Tube receiver

from Wikipedia, the free encyclopedia
Tube receiver Zvezda 54 "Red Star" in special paint from the 1950s

A tube receiver is a radio receiver which, in its electronic circuit predominantly electron tubes as active components used for signal processing. Tube receivers were practically completely replaced by transistor radios from the late 1950s to the mid 1960s .


The first German radio tube receivers were presented in Berlin in 1924 at the 1st Great German Radio Exhibition and, by the end of the 1920s, replaced the detector receivers , which only allowed headphone reception. The number of electron tubes used in the receiver was an important quality criterion, as it gave an indication of the switching effort required - particularly high-quality devices were later given a special display tube known as the “magic eye” as an optical tuning aid . A well-known tube receiver from the early days of radio broadcasting is the 1933 presented Volksempfänger .

Tube receivers were built well into the 1960s, before the transistors replaced the tubes - with them the era of mobile transistor radios (also known as portable radios ) began in the late 1950s , which in terms of miniaturization, power and weight savings, all designs with the up to then surpassed conventional battery-operated miniature tubes.

The number of tubes was - like later the number of transistors - a measure of the reception quality of the device. Shortly after the Second World War, the Soviet military administration in Germany (SMAD) confiscated all radio receivers with more than three tubes in their zone . Only certain politicians and officials were allowed to keep such devices in order to receive special news broadcasts from the non-Soviet controlled area. All the others were left with three or fewer tubes only to receive the German radio station and Berlin radio that were censored by the occupying forces .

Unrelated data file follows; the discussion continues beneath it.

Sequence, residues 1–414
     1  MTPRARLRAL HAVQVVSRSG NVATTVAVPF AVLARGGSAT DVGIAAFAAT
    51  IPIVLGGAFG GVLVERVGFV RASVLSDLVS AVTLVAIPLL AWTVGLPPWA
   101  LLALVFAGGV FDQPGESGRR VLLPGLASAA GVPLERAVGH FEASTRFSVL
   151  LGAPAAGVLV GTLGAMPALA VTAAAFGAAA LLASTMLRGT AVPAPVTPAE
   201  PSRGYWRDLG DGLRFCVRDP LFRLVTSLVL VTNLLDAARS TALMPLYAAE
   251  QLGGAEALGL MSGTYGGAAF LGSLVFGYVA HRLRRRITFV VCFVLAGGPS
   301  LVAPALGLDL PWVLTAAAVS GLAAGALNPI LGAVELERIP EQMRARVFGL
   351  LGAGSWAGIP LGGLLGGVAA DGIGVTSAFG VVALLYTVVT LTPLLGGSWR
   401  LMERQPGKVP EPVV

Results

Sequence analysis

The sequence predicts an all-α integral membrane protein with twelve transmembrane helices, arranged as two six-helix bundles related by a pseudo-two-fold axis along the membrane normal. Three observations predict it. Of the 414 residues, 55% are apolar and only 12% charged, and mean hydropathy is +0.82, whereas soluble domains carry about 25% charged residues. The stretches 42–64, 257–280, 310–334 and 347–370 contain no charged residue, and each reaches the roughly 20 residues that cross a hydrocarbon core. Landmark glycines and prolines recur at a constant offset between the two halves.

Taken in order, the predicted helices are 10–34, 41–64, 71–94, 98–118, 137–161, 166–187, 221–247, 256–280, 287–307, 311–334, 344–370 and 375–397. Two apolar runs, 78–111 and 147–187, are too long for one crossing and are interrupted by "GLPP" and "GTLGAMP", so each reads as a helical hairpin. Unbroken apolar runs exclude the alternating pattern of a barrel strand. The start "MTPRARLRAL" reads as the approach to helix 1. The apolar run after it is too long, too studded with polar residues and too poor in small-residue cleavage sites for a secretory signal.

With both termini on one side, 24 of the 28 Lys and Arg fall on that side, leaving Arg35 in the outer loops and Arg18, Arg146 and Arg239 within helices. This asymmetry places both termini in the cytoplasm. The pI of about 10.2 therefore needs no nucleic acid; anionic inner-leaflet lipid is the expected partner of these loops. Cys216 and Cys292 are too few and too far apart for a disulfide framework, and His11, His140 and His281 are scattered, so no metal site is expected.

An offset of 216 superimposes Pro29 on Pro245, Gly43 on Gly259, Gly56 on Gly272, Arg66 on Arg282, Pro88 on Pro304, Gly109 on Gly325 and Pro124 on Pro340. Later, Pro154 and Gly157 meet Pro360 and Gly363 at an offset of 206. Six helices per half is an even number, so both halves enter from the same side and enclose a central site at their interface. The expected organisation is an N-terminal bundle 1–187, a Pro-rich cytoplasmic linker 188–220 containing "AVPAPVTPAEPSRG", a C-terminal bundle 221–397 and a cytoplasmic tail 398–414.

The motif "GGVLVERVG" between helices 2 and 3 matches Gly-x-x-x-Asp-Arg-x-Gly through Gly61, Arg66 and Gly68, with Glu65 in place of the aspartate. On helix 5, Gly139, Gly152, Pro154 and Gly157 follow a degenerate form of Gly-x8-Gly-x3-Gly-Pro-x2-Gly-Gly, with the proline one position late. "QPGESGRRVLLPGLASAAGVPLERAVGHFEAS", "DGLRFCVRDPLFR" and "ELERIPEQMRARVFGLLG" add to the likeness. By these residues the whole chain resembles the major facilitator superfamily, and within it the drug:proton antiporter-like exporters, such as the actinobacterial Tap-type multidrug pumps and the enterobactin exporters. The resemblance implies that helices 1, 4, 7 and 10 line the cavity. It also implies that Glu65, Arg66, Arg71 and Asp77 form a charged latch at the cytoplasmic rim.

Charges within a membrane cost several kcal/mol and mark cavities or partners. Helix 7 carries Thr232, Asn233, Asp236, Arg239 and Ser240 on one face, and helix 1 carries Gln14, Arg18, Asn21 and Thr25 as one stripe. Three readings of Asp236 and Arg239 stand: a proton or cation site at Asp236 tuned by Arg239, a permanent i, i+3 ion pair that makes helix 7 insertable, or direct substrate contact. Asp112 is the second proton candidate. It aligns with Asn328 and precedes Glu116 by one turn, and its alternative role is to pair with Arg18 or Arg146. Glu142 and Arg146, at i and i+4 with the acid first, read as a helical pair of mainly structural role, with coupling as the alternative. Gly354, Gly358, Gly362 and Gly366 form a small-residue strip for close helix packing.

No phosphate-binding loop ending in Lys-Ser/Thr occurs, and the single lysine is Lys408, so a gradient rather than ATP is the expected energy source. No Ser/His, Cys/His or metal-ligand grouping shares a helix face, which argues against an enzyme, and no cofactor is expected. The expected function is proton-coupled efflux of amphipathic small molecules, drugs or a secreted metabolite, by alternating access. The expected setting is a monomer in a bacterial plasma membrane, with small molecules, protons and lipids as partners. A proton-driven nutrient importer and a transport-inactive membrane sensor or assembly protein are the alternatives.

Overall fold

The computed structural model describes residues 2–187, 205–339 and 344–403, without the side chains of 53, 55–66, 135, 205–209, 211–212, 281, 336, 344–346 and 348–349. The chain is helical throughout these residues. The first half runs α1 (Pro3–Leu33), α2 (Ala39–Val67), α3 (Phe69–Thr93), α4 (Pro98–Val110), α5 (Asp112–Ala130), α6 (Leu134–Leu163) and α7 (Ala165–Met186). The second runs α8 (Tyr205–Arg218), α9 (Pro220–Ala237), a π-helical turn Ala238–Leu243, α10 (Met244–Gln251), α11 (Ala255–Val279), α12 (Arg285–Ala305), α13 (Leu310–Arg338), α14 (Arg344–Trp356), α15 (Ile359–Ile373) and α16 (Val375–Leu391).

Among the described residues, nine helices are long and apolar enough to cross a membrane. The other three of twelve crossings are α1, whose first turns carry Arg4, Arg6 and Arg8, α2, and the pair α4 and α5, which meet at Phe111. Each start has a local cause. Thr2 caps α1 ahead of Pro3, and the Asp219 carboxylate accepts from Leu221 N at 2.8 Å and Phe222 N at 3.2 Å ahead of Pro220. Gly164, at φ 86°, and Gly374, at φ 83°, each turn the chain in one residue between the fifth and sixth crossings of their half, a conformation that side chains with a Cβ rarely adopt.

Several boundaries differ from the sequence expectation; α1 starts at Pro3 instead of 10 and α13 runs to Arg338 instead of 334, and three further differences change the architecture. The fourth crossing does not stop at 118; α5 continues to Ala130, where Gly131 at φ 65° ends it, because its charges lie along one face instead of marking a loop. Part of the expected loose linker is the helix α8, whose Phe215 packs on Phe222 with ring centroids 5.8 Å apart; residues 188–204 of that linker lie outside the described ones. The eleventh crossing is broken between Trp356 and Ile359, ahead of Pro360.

In the transition to semiconductor technology , radio sets were equipped with both electron tubes and semiconductor components such as tip diodes and transistors . In these so-called hybrid receivers, tubes work in the high- frequency section , and transistors in the low-frequency sections.

In contrast to transistor radios, tube radios have some disadvantages:

Since the tubes only work after a warm-up phase, tube radios need a few seconds after switching on before something can be heard. The radios are big, heavy and have a comparatively high power consumption. However, the size of the case usually had a very positive effect on the sound ( baffle principle ). Portable tube receivers can only be operated with batteries for a comparatively short time due to the high power consumption ; batteries with high voltages, the so-called anode batteries , are also used. The mobile tube receivers built from the 1930s and used in the first car radios , among other things , were relatively heavy due to the complex generation of the necessary high anode voltages using chopper or single-armature converters . In addition, the lifespan of the electron tubes, especially those in the heavily loaded loudspeaker output stages , was comparatively short. Nowadays, collectors of tube radios have problems obtaining certain spare parts, e.g. B. the magic eye type EM34 is hard to come by.


See also

Web links

Commons : Tube Receiver  - Collection of pictures, videos and audio files
Wiktionary: tube receiver  - explanations of meanings, word origins, synonyms, translations

Individual evidence

  1. ^ CL Sulzberger: Soviet Censorshop in Berlin Severe . New York Times of March 21, 1946
  2. ^ Radio "D-Zug" (Siemens & Halske) on, accessed on November 2, 2014